The Leech Woman 1960

Coleen Gray in a scene from The Leech Woman 1960
Coleen Gray in a scene from The Leech Woman 1960

The Leech Woman 1960 was the last unofficial Universal Horror, made to play alongside Hammer’s The Brides of Dracula. But the low-budget B&W horror paled in comparison with the colourful British vampire film.

Title: The Leech Woman
Release date: 7 July 1960
Director: Edward Dein
Producer: Joseph Gershenson
Screenplay: David Duncan
Story: Ben Pivar, Francis Rosenwald
Cinematography Ellis W. Carter
Makeup: Bud Westmore

Cast: Grant Williams, Coleen Gray, Phillip Terry, Gloria Talbott, John van Dreelen, Estelle Hemsley, Kim Hamilton, Arthur Batanides

Studio: Universal Pictures
Country: United States

The Leech Woman 1960 Review

The Leech Woman 1960 was created to run alongside Hammer Film’s The Brides of Dracula as a double bill in the US. These two films could not be more different.

The Brides of Dracula’s vibrant colour, brilliant set design and shocking adult content was something fresh. The Leech Woman on the other hand was stale. It could have been made any time during the 1950s, or 1940s for that matter. It’s B&W cinematography was little different to what you could have seen on television.

Directed by Edward Dein, The Leech Woman tells the tale of Dr. Paul Talbot (Phillip Terry)  who hates his wife June (Coleen) because she is no longer young and beautiful. And as a result, she has become a bitter alcoholic and doesn’t like him much either.

Dr Talbot is running experiments to work on a formula to rejuvenate skin and recreate the beauty of youth.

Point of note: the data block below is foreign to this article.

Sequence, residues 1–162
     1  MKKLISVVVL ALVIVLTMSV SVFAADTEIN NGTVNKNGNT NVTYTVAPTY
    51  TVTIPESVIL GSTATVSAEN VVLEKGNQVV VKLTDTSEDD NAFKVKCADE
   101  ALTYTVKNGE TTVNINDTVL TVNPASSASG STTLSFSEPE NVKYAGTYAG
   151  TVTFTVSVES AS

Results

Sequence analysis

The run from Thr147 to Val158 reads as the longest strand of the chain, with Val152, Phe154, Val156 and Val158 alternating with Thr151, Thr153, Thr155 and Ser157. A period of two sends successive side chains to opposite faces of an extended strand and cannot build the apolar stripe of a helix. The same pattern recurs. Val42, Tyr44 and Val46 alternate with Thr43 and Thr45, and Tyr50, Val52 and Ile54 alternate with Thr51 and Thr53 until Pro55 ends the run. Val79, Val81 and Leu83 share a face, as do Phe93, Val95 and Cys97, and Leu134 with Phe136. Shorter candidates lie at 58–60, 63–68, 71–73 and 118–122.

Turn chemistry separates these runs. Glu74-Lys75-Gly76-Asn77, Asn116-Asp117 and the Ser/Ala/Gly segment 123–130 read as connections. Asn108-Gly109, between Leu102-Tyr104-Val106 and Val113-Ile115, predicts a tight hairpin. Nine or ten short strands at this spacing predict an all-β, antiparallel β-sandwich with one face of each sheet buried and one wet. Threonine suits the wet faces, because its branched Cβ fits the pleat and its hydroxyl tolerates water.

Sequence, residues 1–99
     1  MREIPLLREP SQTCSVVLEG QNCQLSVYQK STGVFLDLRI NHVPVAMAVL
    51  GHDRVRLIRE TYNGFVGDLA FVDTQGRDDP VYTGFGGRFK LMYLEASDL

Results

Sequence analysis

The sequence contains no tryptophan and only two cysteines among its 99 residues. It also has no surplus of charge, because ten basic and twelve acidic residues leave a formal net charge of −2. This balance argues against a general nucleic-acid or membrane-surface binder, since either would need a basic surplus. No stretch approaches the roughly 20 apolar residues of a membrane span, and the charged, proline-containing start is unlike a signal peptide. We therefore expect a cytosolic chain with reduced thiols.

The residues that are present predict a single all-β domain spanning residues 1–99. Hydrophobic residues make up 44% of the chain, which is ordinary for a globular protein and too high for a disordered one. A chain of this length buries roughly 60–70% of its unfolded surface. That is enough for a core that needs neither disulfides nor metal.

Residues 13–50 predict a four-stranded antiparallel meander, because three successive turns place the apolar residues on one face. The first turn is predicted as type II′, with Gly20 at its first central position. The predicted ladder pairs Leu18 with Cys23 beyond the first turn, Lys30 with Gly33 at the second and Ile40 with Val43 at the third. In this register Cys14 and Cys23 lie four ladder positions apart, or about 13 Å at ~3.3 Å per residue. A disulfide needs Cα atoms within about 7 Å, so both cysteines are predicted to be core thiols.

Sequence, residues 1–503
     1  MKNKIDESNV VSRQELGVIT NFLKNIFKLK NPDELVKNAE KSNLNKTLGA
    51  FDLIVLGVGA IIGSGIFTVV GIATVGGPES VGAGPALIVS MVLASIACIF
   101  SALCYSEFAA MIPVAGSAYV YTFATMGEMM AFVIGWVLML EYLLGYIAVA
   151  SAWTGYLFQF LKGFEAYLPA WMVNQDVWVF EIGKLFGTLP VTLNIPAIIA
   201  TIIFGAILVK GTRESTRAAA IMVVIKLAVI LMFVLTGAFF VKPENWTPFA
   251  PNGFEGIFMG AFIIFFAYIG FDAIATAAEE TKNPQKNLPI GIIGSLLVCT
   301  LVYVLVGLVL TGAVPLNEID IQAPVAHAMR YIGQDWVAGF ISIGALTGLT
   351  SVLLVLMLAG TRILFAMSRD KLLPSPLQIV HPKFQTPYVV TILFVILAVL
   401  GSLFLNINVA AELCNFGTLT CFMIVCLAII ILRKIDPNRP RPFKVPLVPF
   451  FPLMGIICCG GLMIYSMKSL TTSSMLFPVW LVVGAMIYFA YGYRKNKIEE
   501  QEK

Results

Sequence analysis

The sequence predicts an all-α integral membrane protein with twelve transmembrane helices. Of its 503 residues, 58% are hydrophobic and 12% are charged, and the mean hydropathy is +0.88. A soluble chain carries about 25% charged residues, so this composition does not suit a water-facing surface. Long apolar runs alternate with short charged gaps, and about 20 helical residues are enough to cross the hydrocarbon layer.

One of his experiment volunteers is a wrinkly old woman (Estelle Hemsley) who claims to be 140 years old. She tells him that she was taken from an African tribe as a child with her mother, and given their ancient secret of eternal youth. Problem is that she was only given half of the formula, hence why she is wrinkly. If the doctor can fund her trip back to Africa she will discover the full secret – and give it to him.

Long story short. The Doctor takes his wife to Africa and with the help of a guide – is able to find the woman and her tribe. They watch in amazement as the 140 year old is able to transform herself back to a young woman. But it’s only temporary and someone has to die every time it happens.

This is where The Leech Woman is born and June goes through the regeneration and becomes mad in the process.

Despite the idea that The Leech Woman was sucking the life out of men was still dull. It couldn’t compete with the sex and horror of Hammer Horror.

The Leech Woman was the last unofficial Universal horror film of the classic era. It’s a sad end but it does retain all the hallmarks of classic horror with a mix of jungle adventure. As is always the case, the title is better than the film.

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5 Things You Didn’t Know About The Leech Woman 1960

  1. Actress Gloria Talbott told an interviewer: “I made [The Leech Woman] because I wanted to buy a horse for my son… and The Leech Woman got him a really nice horse and saddle!”
  2. The interior set of the Talbot’s living room was also used in The Thing That Couldn’t Die 1958.
  3. The nurse, played by Gloria Talbott, says that Old Malla (Estelle Hemsley) looked like she came from The Mummy’s Tomb 1942, which was also produced by The Leech Woman’s Ben Pivar.
  4. Universal clearly obviously likes the name Talbot. Following from The Wolf Man’s Larry Talbot – The Leech Woman not only has a character named Dr Paul Talbot, played by Phillip Terry, it also has an actress by the real name of Gloria Talbott.
  5. The Leech Woman 1960 was Joseph Gershenson’s last film as a producer, but he continued as Universal’s Music Department head until 1969.

The Leech Woman 1960 Trailer

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